In my opinion, the upcoming changes to the SAT are good ones, primarily because they are aligning the test to look like the new high school curriculum, the Common Core curriculum. Any educator looking at the upcoming changes will see a startling parallel with the skills outlined in the Common Core and the changes planned for the SAT. For example, there will be less of an emphasis on vocabulary words that are not words students would be likely to encounter and a greater emphasis on vocabulary in context. The College Board is recognizing what New York State’s Department of Education is recognizing- there are ways to game the test, ways to teach the test instead of the curriculum. This creates many problems, not the least of which is that ever present gap between the Haves and the Have Nots. The affluent in our society have always had an advantage with this test. Not only do they have access to better schools, but they can afford to pay for SAT Prep classes designed to teach strategies to maximize points. These courses can be effective, but they are often expensive. It’s safe to conclude that students in poorer, inner city schools are at a disadvantage in this game.

But, it looks like the new test will be a game changer.

If you want to know what the changes really mean, you need to go right to the source, the College Board.  (  Some of the highlights are listed below:

  1. The type of vocabulary will change. As it is now, students can and do attempt to memorize hundreds of words they will see rarely in everyday life. The Washington Post mentions words like “punctilious” and “phlegmatic” as examples. (

Instead, vocabulary on this new test will stick with words students might actually encounter in reading at the college level and will focus on close reading and contextual clues.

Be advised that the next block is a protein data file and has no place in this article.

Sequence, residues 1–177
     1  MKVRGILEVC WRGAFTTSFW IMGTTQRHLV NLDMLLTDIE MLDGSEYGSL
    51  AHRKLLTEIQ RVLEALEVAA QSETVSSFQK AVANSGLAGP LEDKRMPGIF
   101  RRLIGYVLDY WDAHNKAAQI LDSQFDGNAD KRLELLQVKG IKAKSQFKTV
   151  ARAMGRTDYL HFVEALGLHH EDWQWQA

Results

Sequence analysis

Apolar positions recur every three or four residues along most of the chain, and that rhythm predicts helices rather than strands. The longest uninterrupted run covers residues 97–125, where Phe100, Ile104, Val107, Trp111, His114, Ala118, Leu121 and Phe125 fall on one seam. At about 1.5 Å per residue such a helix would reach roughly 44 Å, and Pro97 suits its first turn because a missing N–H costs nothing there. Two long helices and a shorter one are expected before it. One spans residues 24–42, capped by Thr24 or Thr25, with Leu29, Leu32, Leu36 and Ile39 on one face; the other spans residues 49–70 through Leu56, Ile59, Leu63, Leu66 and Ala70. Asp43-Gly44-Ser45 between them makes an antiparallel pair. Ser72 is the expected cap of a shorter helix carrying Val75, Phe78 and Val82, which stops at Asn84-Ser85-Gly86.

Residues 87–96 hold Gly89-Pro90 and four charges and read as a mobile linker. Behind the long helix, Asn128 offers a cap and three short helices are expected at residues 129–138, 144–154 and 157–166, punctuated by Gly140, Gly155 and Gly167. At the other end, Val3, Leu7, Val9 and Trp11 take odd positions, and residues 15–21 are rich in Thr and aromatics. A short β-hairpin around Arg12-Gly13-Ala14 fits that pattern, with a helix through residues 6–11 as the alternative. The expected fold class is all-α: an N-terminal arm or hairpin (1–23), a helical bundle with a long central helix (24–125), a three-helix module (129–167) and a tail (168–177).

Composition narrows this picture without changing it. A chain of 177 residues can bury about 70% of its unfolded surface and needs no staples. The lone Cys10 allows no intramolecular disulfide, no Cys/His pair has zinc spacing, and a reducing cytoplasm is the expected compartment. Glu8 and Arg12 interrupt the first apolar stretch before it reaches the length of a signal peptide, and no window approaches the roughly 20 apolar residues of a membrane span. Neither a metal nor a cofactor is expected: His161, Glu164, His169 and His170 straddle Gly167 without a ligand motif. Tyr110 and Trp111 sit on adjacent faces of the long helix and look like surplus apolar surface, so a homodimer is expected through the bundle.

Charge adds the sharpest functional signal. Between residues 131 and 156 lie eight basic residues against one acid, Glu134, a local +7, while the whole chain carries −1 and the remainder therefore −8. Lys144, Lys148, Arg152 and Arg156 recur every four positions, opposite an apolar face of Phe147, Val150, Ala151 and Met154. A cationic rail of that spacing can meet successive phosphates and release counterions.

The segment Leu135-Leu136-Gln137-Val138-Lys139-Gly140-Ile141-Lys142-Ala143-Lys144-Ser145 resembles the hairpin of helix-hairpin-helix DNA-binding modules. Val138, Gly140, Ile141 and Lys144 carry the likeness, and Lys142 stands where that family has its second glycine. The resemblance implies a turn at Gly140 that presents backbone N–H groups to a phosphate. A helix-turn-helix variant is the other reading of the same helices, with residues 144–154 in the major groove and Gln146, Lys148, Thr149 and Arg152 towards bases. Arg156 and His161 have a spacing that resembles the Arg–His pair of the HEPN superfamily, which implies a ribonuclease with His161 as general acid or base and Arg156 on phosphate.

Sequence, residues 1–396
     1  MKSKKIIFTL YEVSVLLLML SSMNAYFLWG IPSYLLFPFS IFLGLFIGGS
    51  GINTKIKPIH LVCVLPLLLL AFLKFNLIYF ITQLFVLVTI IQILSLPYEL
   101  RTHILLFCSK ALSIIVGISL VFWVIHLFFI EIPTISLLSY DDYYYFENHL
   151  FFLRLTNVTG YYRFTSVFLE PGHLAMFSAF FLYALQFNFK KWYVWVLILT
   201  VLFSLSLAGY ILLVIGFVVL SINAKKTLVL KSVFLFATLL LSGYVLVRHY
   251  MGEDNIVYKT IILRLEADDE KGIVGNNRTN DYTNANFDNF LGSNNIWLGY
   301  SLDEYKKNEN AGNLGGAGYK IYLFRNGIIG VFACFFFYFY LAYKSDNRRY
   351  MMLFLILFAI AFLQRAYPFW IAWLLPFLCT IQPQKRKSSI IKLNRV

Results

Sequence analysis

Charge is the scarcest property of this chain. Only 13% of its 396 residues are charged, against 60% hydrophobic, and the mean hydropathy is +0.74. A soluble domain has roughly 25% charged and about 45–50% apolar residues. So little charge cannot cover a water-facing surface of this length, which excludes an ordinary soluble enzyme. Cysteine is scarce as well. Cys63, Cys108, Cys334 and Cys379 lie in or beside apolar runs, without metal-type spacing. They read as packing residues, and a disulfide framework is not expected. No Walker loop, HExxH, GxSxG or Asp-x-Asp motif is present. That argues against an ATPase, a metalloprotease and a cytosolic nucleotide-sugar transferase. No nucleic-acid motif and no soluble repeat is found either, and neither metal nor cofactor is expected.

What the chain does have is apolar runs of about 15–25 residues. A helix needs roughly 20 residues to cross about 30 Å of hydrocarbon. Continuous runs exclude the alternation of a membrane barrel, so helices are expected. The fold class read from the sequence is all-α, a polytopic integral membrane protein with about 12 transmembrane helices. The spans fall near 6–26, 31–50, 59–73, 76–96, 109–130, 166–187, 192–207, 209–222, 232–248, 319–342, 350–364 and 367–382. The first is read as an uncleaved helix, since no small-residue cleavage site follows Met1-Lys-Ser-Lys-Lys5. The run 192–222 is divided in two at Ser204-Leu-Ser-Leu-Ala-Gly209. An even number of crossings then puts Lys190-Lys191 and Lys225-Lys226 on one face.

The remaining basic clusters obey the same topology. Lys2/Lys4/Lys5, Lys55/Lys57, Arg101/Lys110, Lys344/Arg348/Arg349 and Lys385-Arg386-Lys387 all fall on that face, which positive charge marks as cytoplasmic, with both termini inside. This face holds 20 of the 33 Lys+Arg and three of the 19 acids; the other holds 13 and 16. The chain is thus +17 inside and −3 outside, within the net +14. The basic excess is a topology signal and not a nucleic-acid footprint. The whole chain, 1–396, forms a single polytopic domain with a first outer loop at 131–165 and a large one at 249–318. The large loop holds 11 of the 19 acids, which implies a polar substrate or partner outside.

2. Command of Evidence. Educators are hearing these words a lot lately. The emphasis on reading in the common core is on making claims about what you read and finding evidence to back those claims up. The College Board indicates they will follow suit, even designing questions that ask the student to select a quote from the passage that best supports the answer they chose in the previous question.

3. The Essay, not necessarily required, will ask students to analyze a source. They will be asked to read a passage and explain how the author structures and builds an argument. This is very similar to what they are being asked to do on the new Common Core ELA Regents Exam. But more importantly, the students will be given the prompt in advance. This is a critical change since it now provides students with the most valuable component of quality writing- time to think.

4. Math will focus on three areas: problem solving/data analysis, linear equations, and familiarity with complex equations.

5. There will be analysis of Science and Social Studies.

6. We can expect to see  “founding documents,” such as the Declaration of Independence and the Bill of Rights.

And last, but definitely not least:

  1. NO PENALTY for wrong answers.

We haven’t seen the test yet, but, as an educator, I am glad to finally see a closer correlation between the high school curriculum and the SAT. These changes will no doubt help the Common Core initiative because if schools are taking the Core seriously and teaching to the standards with integrity, students should go into the SAT with less fear and more confidence. The tasks will, hopefully, be familiar to them. Furthermore, these changes may help address the economic disparity in SAT scores that have plagued our country.

We shall see.